People in many Nova Scotia towns will note that food banks scramble to keep up with demand. A recent report suggests that the root of this problem is getting worse – with this province at the bottom end of a worrying trend.
The Household Food Insecurity in Canada report, released last week, reveals that 13 per cent of households in Canada experience some level of food insecurity. Among provinces, Nova Scotia had the highest level, at 17.5 per cent. That compares to 16.2 per cent in Prince Edward Island.
The results were reported last week by various media outlets, including the CBC. Produced with support from the Canadian Institutes of Health Research, researchers involved in the report said the problem is getting worse in parts of Canada.
Food insecurity in a given household is described as those Canadians who don’t have access to sufficient food for a full, healthy diet.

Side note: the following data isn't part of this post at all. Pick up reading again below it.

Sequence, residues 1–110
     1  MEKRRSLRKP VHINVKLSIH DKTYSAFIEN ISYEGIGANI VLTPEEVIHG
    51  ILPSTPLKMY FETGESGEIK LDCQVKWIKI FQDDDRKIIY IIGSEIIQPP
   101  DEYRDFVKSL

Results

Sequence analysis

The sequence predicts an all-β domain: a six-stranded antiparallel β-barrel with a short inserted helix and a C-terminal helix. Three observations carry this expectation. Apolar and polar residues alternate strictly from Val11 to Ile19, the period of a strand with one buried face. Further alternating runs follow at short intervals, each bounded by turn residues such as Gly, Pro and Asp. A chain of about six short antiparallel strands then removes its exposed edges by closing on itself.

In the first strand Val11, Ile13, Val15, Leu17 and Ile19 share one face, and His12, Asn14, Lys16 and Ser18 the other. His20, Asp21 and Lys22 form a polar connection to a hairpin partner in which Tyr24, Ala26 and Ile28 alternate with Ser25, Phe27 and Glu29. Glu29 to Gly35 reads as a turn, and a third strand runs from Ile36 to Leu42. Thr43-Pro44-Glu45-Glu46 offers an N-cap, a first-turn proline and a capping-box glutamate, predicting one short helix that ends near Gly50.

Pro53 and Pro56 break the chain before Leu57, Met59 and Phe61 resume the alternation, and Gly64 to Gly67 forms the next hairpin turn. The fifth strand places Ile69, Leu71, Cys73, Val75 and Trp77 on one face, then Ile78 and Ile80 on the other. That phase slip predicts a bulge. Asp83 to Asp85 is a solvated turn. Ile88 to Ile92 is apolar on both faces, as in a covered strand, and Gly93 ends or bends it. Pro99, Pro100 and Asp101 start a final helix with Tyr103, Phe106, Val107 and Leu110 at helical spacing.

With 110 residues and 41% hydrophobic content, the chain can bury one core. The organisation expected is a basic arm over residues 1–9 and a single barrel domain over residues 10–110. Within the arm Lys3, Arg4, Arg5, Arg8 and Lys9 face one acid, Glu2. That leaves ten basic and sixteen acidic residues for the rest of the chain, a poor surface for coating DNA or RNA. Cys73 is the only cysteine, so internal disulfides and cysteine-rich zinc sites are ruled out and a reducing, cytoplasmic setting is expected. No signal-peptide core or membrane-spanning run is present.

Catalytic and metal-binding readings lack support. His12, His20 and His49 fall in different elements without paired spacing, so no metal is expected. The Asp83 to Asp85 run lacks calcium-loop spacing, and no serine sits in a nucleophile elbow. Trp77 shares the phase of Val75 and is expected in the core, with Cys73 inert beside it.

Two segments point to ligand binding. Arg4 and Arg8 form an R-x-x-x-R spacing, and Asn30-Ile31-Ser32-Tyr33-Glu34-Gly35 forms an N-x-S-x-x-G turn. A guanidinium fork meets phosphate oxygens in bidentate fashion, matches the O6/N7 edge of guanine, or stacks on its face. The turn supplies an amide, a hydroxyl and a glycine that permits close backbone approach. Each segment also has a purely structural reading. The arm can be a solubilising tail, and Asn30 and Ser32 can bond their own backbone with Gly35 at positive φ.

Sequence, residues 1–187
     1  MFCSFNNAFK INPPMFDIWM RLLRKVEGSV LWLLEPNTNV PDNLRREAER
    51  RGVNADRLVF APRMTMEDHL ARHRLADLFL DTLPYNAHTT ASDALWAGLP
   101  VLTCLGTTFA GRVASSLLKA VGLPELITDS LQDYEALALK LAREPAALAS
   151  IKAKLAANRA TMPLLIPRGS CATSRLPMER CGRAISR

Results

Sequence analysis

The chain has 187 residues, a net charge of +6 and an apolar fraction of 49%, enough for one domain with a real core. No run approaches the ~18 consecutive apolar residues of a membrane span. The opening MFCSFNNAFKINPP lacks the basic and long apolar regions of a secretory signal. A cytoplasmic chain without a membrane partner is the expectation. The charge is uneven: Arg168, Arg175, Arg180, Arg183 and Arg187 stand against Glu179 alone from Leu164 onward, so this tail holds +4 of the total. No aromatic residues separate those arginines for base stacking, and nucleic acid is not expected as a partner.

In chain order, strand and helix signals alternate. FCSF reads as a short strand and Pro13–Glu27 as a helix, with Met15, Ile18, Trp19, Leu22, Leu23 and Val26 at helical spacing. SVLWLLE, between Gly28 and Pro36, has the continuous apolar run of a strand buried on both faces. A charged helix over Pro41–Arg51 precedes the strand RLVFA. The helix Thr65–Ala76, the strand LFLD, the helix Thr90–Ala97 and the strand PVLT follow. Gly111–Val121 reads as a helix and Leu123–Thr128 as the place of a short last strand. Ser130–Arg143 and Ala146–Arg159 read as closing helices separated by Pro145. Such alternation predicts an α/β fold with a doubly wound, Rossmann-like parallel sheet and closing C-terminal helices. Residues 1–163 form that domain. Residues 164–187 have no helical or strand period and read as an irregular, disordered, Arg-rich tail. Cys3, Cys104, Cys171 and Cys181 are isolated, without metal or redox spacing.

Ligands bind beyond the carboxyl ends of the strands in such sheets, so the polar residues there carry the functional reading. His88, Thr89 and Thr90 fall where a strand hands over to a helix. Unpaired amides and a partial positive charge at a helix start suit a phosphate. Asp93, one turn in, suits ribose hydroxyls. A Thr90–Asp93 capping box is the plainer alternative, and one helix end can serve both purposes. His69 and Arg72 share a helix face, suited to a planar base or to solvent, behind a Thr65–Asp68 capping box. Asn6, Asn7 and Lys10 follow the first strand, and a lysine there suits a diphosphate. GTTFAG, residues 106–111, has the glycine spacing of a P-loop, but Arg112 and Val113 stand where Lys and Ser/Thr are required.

The distribution of the figures suggest that low income is a direct factor. The ramifications are evident: poor nutrition will be a main factor in health problems; for children, it can result in poor performance in school.
Although the researchers say they hope the finding will help to prompt action from governments, doubtless, education could play a huge part in helping relieve the problem.
Think of the endless array of highly processed foods lining the shelves of grocery stores. The sales pitch is that they’re a bargain, but that’s not always the case. Dietitians will suggest steering clear of the processed foods and making choices that are simple and natural – home preparation of food is nearly always less expensive and more nutritious. Defeating the notion that convenience is good would go a long way toward affordable grocery bills.
Where intervention is warranted – some of our schools have programs in place to see that children who might otherwise do without, get a nutrition boost at school. That also would be a good place to teach basics of healthy food planning.